The Kleisli Categroy is a more ‘natural’ answer to the above problem and also has some interesting interpretations in computer science which I’ll talk about at the end. For a monad on a category C, let’s call the Kleisli category C_{T} whose objects are the objects of C.

If x_{T},y_{T} are two objects in C_{T} then there exists a morphism f:x_{T} \to y_{T} if there exists a morphism in C from x_{T} to the ‘higher type’ of y, that is, a morphism x \to T(y). Succinctly,

Hom_{C_{T}}(X,Y)=Hom_{C}(X,TY)

Now, we just need a rule for composition. Consider two maps f:X \to TY and $g:Y \to TZ$ where we write the corresponding maps in C instead of C_{T} for simplicity. Define g \circ f:X \to TZ by

g \circ f=\mu_{Z} \circ T(g) \circ f

The identity morphism is just obtained from the unit map of the monad,i.e Id_{C^{T}}=(\eta_{X})^{*}.

It may be best to just reframe the language a little for convenience. If f:X \to TY is a morphism in C, then define f^{*}:TX \to TY as

f^{*}=\mu_{Y} \circ Tf where \mu is the multiplication map of the monad.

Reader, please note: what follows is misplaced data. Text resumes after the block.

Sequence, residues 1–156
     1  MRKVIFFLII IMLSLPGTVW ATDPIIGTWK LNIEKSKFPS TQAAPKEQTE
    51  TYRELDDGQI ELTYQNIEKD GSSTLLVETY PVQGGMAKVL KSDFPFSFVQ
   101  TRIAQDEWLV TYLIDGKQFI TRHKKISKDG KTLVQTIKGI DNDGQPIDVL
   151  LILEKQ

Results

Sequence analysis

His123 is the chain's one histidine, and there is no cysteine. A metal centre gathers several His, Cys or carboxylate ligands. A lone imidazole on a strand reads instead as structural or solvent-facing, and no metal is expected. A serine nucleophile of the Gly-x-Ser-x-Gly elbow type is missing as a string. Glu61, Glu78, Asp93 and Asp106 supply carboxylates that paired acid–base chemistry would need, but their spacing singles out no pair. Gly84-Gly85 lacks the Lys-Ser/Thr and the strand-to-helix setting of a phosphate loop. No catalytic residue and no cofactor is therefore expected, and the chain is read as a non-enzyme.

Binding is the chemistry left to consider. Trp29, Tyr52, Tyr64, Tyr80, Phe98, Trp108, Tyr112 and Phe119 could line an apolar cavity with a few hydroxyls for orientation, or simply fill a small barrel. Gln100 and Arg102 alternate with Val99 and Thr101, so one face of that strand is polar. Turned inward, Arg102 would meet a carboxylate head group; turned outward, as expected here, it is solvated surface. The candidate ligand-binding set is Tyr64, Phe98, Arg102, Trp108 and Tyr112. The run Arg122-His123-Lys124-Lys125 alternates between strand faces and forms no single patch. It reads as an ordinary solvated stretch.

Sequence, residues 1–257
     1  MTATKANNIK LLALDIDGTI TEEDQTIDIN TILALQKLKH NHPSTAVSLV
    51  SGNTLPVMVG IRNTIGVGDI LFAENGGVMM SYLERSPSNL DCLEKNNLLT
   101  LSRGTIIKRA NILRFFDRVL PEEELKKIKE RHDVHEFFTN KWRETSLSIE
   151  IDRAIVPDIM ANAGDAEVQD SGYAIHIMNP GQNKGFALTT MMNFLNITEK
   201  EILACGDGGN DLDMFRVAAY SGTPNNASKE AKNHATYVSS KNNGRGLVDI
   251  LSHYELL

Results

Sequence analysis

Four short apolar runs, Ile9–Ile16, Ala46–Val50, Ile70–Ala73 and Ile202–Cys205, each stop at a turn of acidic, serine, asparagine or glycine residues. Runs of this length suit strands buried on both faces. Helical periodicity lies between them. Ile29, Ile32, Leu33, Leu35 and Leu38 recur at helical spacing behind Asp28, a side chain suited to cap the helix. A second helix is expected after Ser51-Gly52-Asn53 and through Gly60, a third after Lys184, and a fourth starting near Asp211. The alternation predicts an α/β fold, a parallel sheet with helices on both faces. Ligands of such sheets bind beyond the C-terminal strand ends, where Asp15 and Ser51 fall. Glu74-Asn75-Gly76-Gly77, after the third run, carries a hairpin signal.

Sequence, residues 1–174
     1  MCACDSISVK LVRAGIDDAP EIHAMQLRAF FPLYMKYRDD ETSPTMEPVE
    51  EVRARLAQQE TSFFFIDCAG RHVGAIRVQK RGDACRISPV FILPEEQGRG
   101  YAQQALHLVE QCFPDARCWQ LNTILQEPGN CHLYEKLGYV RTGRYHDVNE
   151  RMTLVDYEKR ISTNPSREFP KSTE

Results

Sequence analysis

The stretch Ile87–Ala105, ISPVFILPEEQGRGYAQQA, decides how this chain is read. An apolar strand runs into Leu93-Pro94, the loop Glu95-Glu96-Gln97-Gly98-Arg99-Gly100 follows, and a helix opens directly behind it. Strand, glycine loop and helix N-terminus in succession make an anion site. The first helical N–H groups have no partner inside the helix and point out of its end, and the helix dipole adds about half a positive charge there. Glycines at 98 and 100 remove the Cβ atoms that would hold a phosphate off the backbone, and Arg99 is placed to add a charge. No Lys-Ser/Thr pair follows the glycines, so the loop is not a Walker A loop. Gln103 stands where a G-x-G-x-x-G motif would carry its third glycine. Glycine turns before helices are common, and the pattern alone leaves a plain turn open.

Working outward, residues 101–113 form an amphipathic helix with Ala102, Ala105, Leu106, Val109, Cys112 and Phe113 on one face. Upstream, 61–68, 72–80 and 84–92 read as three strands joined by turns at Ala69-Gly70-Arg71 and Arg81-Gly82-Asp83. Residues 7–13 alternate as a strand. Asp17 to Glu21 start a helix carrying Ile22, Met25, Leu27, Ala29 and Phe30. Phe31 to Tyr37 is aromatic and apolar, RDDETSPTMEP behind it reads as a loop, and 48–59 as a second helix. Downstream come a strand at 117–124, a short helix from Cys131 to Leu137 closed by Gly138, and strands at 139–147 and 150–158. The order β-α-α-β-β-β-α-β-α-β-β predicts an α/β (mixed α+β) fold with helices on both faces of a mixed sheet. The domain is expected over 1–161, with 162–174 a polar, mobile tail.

In particular, this means that the composite g \circ_{T} \circ f= g^{*} \circ f in the Kleisli category. Also, we have (g^{*} \circ_{T} f)*=g^{*} \circ f^{*} by defintion of composition.

A Kleisli triple (T,\eta,*) is the following data:

  1. A map \eta_{X}: X \to T(X)
  2. An object map T on C
  3. For every map f:X \to TY, a map f^{*}:TX \to TY, which we call the type lifting map or lifting map in short.

All the data of the monad lies in the Kleisli triple. Note that multiplication is packaged in the third axiom. This is also the standard definition of a monad in functional programming. T can essentially be thought of as a wrapper function. Anyways, I’ll get to that in the next post.

Adjunction from Kleisli Category

Consider the functor F:X \to X_{T} defined by F(X)=X_{T} and

for f: X \to Y,F(f)=(\mu_{Y} \circ f). The notation is a little misleading as f is mapped to a function of type X \to TY which corresponds to a morphism X_{T} \to Y_{T}. I just felt that this is cleaner.

Now, consider a functor G:C_{T} \to C where G(X_{T})=TX and which sends a morphism f':X_{T} \to Y_{T} to G(f')=\mu_{Y} \circ Tf'=f'^{*}.

We get that GF(f)=G((\nu_{Y} \circ f))=\mu_{Y} \circ T\eta_{Y} \circ Tf=id_{TY} \circ Tf=Tf. So, GF=T. The composition on objects is trivial. The unit of the adjunction is simply the unit of the monad whereas the counit is \epsilon=1_{TY}^{*}:(TY)_{T} \to Y_{T}. I leave it to the reader to check that this is an adjunction.